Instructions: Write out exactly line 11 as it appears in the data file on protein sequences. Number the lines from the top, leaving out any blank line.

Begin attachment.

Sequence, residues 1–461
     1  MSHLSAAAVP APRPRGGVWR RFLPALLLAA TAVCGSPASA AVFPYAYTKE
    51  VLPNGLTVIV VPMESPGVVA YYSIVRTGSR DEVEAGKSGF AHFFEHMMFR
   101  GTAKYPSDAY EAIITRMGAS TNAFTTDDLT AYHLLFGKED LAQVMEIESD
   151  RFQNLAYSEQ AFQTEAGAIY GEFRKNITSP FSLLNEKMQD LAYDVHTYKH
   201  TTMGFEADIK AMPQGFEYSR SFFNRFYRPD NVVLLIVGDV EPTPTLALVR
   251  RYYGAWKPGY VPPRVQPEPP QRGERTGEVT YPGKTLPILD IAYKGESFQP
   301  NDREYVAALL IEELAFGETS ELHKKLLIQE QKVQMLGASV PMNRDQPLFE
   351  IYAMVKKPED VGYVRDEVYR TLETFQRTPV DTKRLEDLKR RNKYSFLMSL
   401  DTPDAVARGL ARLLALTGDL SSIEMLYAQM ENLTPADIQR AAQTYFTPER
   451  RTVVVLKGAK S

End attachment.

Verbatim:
   451  RTVVVLKGAK S